It’s a fine selection, and enough for most people, though competing options do offer more ports.
Amazon Fire TV Omni QLED review: Performance
The Fire TV Omni QLED offers full array local dimming with 80 zones in the 65-inch model we’re reviewing. It also leverages quantum dots to make for a more vibrant image. And, it supports all expected HDR formats: HDR10, HLG, HDR10+ Adaptive, and Dolby Vision IQ.
In day to day use, I found that the Amazon Fire TV Omni QLED performed fairly well. Images were detailed and crisp, and colors were bright and vibrant. Having previously reviewed the Hisense U7H and U8H, however, I found it to be a little lacking in overall image quality and backlight control, and if you’re looking for a TV with the best image quality in this price range, it is worth looking at an option from Hisense.
The Fire TV Omni QLED generally delivered a bright image, in both SDR and HDR, beating out much of the more expensive OLED competition and some of the similarly-priced LED competition, like the Vizio M-Series Quantum. That said, the Hisense U7H beat the Amazon TV in all brightness tests, including in SDR and HDR viewing.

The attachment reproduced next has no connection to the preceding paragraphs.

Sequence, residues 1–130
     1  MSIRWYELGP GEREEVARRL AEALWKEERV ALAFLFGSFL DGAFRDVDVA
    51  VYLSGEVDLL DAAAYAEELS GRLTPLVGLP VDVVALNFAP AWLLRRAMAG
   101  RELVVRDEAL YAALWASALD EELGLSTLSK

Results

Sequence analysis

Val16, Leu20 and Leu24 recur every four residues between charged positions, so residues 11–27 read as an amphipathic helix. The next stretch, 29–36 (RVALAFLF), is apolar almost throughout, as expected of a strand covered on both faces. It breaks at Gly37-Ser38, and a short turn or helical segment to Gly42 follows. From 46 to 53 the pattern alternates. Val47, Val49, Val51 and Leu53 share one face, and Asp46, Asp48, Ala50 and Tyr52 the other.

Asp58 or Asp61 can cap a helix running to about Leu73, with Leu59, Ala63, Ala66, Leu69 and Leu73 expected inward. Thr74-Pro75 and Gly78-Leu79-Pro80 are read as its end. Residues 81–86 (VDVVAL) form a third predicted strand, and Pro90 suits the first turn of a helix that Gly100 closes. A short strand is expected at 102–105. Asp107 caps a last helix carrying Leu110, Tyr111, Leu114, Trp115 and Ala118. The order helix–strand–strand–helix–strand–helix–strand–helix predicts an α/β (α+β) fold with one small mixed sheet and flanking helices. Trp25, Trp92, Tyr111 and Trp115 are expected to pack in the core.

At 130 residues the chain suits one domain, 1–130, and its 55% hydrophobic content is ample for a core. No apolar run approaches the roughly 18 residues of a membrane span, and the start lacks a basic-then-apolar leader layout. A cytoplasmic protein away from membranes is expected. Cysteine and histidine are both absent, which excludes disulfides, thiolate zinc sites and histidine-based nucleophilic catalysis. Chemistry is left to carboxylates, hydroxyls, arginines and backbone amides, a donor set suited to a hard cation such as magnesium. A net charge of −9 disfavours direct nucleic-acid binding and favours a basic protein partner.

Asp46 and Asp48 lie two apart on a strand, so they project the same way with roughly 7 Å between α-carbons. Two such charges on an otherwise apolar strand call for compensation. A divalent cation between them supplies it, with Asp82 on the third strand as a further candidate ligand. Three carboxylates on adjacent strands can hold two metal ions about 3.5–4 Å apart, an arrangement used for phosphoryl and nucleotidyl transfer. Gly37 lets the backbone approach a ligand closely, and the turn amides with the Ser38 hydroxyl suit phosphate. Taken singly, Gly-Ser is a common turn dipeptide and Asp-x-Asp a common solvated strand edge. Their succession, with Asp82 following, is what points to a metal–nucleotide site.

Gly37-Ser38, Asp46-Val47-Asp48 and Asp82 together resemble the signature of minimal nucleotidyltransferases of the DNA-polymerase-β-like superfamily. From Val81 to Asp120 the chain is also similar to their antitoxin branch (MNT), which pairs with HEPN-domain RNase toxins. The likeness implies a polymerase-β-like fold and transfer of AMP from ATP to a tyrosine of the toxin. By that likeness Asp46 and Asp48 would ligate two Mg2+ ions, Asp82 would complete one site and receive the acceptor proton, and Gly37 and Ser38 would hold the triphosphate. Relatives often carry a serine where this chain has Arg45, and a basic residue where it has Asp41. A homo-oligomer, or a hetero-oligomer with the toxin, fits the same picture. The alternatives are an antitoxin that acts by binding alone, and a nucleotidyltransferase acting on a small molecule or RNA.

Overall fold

For example, the Fire TV Omni QLED achieved a brightness of 425.9 nits in HDR Filmmaker mode at 100% of the display, the Vizio M-Series Quantum reached 322.8 nits and the LG C2 only 165.5 nits. The Hisense U7H outdid all of them, at 617.3 nits, for a similar price.
The Fire TV Omni QLED does have some redeeming qualities. It managed to cover more of the color gamut than the U7H in many of our tests, though to be fair it usually didn’t cover that much more. I personally find the much better brightness and backlight control to be more important than the slightly larger color coverage.
None of this is to say that the Fire TV Omni QLED looks bad. On the contrary, it looks quite good. Just not good enough to beat the best options in this price range. Not everyone will consider image quality as the most important factor in buying a TV – and if you care more about the operating system and smart features, you’re still getting a great-looking TV.
Amazon Fire TV Omni QLED review: Audio
If you’re looking for an excellent audio experience, you won’t really get it from the Fire TV Omni QLED. The TV actually delivered a little more bass response than I was expecting, but as is usually the case with TV speakers, bass response still wasn’t deep, and the detail in the high end wasn’t that great.
If you can afford to do so, I would recommend getting a soundbar or a pair of speakers for use with the Amazon Fire TV Omni QLED. A great pairing would be this TV with the Sonos Beam, for example. You could even get a Sonos Sub Mini to pair with that, if you really want bass.
Amazon Fire TV Omni QLED review: Fire TV and smart features